especially if you only want them to know about you and
don't want their money, is at the conferences that are
occasionally organized for startups to present to them.

Apartments not cubicle farms
An apartment is also the right kind of place for
developing software. Cube farms suck for that, as you've
probably discovered if you've tried it. Ever notice how
much easier it is to hack at home than at work? So why
not make work more like home?

When you're looking for space for a startup, don't feel
that it has to look professional. Professional means
doing good work, not elevators and glass walls. I'd
advise most startups to avoid corporate space at first
and just rent an apartment. You want to live at the
office in a startup, so why not have a place designed to
be lived in as your office?

Location
Besides being cheaper and better to work in, apartments tend to be in better locations than office buildings. And for a startup location is very important. The key to productivity is for people to come back to work after dinner. Those hours after the phone stops ringing are by far the best for getting work done. Great things happen when a group of employees go out to dinner together, talk over ideas, and then come back to their offices to implement them. So you want to be in a place where there are a lot of restaurants around, not some dreary office park that's a wasteland after 6:00 PM. Once a company shifts over into the model where everyone drives home to the suburbs for dinner, however late, you've lost something extraordinarily valuable. God help you if you actually start in that mode.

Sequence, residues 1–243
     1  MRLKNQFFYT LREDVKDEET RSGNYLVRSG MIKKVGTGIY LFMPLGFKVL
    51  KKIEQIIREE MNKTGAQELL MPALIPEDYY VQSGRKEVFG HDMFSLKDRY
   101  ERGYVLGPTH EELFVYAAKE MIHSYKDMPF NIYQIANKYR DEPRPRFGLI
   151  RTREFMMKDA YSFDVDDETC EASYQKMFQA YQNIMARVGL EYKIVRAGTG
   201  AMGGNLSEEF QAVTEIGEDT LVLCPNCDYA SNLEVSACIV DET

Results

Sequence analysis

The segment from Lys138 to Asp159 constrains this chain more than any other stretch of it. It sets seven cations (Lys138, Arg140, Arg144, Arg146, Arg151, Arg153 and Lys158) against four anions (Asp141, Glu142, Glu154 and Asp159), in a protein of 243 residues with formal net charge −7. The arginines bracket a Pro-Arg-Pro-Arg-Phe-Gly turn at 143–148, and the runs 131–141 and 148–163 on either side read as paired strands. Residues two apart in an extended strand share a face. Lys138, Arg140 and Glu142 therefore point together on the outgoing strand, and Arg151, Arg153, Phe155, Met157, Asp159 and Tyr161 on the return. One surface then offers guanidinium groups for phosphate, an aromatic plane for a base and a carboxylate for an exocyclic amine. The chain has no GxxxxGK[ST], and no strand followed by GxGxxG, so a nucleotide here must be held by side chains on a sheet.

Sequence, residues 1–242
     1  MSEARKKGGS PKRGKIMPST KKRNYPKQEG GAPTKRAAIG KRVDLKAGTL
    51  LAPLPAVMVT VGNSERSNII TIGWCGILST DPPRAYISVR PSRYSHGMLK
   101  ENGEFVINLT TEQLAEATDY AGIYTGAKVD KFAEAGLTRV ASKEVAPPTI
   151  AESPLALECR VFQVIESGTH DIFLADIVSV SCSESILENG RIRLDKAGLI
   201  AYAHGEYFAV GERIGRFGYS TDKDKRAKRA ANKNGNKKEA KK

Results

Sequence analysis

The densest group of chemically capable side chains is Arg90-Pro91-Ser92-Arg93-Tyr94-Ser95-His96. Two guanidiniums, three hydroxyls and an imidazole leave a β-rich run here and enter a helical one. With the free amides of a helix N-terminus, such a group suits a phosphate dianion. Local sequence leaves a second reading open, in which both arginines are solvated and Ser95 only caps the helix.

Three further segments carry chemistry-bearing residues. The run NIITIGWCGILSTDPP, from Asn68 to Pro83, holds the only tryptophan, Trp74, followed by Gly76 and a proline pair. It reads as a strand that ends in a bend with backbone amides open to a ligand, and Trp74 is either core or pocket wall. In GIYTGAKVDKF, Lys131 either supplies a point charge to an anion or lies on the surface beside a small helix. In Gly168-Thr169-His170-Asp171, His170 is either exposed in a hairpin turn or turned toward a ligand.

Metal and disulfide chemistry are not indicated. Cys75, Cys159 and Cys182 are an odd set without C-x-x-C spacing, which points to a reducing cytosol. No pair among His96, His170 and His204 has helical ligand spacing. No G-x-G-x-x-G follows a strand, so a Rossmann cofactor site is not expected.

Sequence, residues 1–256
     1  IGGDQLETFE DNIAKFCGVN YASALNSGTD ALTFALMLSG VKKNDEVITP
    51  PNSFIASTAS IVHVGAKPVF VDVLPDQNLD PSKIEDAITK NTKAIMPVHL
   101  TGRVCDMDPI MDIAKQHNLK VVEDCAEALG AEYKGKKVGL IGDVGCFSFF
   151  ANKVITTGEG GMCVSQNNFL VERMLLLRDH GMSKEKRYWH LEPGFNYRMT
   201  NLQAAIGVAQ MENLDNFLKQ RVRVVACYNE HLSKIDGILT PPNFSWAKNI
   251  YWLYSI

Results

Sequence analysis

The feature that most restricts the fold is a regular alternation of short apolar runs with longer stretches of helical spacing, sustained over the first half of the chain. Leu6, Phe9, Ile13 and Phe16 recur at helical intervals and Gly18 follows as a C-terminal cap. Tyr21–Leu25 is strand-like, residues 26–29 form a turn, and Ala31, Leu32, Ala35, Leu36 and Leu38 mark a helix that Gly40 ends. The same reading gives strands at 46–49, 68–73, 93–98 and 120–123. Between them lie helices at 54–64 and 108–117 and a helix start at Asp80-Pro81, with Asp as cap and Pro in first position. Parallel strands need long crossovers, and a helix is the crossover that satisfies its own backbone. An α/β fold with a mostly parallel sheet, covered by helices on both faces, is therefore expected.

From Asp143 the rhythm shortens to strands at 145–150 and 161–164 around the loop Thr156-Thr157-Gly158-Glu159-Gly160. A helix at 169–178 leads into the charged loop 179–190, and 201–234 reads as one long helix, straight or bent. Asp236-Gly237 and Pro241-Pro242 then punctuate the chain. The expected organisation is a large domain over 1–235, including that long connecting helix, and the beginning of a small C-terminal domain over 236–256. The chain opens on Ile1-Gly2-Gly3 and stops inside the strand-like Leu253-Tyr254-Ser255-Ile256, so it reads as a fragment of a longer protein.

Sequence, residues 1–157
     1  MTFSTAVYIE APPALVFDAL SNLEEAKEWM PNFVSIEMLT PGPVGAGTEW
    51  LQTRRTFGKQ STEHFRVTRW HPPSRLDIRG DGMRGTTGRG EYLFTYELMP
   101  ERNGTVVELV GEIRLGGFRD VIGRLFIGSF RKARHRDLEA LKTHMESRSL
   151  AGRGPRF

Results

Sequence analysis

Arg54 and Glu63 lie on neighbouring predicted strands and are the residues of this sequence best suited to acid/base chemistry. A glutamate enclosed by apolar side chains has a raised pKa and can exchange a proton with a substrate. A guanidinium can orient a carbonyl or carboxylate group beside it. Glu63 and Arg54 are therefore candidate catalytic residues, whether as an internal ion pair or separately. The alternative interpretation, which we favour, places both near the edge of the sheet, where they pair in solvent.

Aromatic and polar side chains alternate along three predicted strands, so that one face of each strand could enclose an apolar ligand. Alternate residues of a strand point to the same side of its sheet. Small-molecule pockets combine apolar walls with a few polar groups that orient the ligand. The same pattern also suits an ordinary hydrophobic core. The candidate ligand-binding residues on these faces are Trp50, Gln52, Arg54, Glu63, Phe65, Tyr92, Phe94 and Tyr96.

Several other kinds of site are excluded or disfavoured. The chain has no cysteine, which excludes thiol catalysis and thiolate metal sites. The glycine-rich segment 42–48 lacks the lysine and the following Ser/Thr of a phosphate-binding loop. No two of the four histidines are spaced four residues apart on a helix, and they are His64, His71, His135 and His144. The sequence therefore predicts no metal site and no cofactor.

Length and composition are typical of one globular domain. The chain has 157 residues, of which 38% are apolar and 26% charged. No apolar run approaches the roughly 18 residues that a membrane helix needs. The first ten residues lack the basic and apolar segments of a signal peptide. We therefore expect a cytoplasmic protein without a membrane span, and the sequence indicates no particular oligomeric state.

On the "how many people do you have" question
If you ever end up running a company, you'll find the most common question people ask is how many employees you have. This is their way of weighing you. It's not just random people who ask this; even reporters do. And they're going to be a lot more impressed if the answer is a thousand than if it's ten.

This is ridiculous, really. If two companies have the same revenues, it's the one with fewer employees that's more impressive.

Arun Natarajan is the Editor of TSJ Media, which tracks venture capital activity in India and Indian-founded companies worldwide. View sample issues of TSJ Media's Venture Intelligence India newsletters and reports.